Temerity puts a man off his guard. Roger L'Estrange.
It is wisdom to keep ourselves upon a guard. Roger L'Estrange.
Now he stood collected and prepar’d;
For malice and revenge had put him on his guard. Dryden.
Men are always upon their guard against an appearance of design. George Smalridge, Sermons.
They have expressed themselves with as few guards and restrictions as I. Francis Atterbury.
Etymology: garder, French, from our word ward, the w being changed by the French into g; as Galles for Wales.
Naked the graces guarded you from all
Dangers abroad, and now your thunder shall. Edmund Waller.
Your pow’r you never use, but for defence,
To guard your own or others innocence. Dryden.
Fix’d on defence, the Trojans are not slow
To guard their shore from an expected foe. Dryden.
The port of Genoa is very ill guarded against the storms. Joseph Addison, on Italy.
One would take care to guard one’s self against this particular imperfection, because it is that which our nature very strongly inclines us to. Joseph Addison, Spectator.
has guarded every circumstance with as much caution as if he had been aware of the objection. Notes on Odyssey.
Give him a livery
More guarded than his fellows. William Shakespeare, Merch. of Venice.
See a fellow
In a long motley, guarded with yellow. William Shakespeare, Henry VIII.
To be in a state of caution or defence.
There are other nice cases, in which a man must guard, if he intends to keep fair with the world, and turn the penny. Jeremy Collier, on Popularity.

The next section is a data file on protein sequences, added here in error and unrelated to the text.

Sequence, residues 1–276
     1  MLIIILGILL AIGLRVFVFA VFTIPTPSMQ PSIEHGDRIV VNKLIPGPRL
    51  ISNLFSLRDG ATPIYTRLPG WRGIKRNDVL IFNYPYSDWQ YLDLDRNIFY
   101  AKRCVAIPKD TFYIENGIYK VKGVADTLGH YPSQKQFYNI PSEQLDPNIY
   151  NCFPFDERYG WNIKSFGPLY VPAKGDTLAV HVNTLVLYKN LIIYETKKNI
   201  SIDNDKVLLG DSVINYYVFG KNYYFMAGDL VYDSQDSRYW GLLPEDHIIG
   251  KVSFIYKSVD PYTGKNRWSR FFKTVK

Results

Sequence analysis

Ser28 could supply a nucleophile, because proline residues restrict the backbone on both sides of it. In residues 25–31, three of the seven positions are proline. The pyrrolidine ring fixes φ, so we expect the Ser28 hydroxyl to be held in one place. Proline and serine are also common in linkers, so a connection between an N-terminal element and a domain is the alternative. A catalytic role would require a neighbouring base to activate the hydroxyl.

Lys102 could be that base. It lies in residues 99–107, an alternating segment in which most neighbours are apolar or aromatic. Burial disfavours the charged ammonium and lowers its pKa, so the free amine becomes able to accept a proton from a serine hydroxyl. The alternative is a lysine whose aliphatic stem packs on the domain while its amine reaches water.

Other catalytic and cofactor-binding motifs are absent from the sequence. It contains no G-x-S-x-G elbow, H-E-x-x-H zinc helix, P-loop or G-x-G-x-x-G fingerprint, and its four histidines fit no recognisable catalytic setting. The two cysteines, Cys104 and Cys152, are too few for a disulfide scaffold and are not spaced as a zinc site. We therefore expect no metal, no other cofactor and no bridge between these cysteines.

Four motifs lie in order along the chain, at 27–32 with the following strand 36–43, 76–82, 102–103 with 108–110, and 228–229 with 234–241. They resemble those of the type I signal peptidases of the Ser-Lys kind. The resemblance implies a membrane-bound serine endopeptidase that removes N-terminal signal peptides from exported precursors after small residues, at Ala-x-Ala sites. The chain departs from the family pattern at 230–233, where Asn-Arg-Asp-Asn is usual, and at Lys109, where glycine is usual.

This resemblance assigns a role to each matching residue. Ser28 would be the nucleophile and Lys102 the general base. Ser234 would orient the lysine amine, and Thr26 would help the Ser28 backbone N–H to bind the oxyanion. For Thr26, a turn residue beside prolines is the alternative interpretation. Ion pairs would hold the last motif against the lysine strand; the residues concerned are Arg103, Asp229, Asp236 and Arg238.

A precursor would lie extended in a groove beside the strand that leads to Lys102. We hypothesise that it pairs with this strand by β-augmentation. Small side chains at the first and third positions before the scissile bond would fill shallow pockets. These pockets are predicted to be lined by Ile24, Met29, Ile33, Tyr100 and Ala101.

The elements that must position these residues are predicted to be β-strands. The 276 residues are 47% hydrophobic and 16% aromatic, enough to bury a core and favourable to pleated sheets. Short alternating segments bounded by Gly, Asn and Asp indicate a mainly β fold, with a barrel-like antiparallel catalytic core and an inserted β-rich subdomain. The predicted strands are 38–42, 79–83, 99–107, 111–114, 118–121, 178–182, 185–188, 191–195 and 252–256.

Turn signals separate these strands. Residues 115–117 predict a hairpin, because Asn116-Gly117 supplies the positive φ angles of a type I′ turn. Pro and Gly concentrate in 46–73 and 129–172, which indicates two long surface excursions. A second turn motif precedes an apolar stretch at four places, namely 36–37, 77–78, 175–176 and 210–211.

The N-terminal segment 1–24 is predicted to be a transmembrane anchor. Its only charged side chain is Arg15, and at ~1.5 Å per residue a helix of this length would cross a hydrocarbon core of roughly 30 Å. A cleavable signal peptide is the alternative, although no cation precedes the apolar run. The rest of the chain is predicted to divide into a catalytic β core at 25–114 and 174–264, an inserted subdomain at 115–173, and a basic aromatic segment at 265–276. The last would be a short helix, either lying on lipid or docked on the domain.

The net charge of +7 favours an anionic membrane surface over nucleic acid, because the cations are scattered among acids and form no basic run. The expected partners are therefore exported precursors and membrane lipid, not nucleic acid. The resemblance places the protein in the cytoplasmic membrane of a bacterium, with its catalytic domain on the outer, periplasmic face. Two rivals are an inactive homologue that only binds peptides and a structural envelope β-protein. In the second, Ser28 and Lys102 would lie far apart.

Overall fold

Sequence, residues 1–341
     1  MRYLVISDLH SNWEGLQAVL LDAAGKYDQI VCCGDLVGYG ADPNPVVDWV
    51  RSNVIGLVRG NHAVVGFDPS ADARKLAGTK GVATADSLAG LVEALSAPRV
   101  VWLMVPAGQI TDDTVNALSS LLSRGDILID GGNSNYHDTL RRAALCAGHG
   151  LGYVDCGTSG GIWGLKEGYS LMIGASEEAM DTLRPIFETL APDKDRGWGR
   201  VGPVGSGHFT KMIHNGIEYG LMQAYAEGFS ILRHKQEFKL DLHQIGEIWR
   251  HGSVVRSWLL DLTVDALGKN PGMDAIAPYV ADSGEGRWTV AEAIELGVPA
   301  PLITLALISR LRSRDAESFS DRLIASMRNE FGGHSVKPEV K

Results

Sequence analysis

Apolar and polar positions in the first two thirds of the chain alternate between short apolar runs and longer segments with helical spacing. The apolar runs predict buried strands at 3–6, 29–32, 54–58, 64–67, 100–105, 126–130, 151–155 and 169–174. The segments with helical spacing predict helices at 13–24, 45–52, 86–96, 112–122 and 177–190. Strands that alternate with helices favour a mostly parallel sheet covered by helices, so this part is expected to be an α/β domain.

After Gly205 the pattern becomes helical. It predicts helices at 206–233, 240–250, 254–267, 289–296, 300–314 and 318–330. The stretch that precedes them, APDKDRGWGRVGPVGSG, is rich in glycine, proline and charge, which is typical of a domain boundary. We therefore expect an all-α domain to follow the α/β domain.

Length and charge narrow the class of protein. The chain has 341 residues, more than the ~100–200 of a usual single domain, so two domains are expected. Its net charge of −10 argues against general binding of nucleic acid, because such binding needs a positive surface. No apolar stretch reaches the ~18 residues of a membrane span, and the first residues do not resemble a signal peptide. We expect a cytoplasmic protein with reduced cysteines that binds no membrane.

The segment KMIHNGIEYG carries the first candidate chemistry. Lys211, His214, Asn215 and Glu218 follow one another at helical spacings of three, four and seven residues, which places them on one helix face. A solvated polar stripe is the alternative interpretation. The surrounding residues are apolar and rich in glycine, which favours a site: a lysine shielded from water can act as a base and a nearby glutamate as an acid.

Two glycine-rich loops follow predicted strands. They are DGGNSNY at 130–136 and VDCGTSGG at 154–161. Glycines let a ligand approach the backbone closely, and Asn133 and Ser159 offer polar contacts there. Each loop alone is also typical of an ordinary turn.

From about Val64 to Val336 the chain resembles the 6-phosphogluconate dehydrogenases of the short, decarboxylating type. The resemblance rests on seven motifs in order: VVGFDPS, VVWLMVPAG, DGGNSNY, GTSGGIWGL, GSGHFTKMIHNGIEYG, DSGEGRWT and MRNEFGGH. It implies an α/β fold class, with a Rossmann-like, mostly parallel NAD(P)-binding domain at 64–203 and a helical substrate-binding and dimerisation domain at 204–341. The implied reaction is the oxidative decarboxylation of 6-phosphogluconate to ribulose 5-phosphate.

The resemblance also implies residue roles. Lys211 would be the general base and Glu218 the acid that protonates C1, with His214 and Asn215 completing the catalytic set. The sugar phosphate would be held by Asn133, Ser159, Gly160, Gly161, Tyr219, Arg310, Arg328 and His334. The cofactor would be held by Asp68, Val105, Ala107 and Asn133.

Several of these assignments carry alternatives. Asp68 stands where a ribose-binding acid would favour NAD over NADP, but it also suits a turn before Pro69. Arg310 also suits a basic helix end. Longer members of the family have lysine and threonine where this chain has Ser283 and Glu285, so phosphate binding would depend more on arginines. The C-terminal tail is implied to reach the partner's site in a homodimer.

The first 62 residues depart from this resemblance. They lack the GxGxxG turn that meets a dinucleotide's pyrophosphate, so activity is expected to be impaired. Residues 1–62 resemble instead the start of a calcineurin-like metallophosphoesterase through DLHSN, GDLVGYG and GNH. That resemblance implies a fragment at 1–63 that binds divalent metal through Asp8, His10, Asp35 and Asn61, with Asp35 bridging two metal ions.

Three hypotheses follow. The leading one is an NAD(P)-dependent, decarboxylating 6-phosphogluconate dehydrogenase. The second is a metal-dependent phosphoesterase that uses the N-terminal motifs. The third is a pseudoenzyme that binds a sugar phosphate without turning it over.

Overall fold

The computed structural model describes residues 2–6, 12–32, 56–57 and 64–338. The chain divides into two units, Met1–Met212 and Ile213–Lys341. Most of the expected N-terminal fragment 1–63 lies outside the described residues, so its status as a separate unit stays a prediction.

To guard against such mistakes, it is necessary to acquaint ourselves a little with words. Isaac Watts, Logick.
to protect from danger; to secure against surprise, attack, or injury; to keep in safety; to defend; to shelter; to shield from surprise or attack; to protect by attendance; to accompany for protection; to care for
to keep watch over, in order to prevent escape or restrain from acts of violence, or the like
to protect the edge of, esp. with an ornamental border; hence, to face or ornament with lists, laces, etc
to fasten by binding; to gird
to watch by way of caution or defense; to be caution; to be in a state or position of defense or safety; as, careful persons guard against mistakes
one who, or that which, guards from injury, danger, exposure, or attack; defense; protection
a man, or body of men, stationed to protect or control a person or position; a watch; a sentinel
one who has charge of a mail coach or a railway train; a conductor
any fixture or attachment designed to protect or secure against injury, soiling, or defacement, theft or loss
that part of a sword hilt which protects the hand
ornamental lace or hem protecting the edge of a garment
a chain or cord for fastening a watch to one's person or dress
a fence or rail to prevent falling from the deck of a vessel
an extension of the deck of a vessel beyond the hull; esp., in side-wheel steam vessels, the framework of strong timbers, which curves out on each side beyond the paddle wheel, and protects it and the shaft against collision
a plate of metal, beneath the stock, or the lock frame, of a gun or pistol, having a loop, called a bow, to protect the trigger
an interleaved strip at the back, as in a scrap book, to guard against its breaking when filled
a posture of defense in fencing, and in bayonet and saber exercise
an expression or admission intended to secure against objections or censure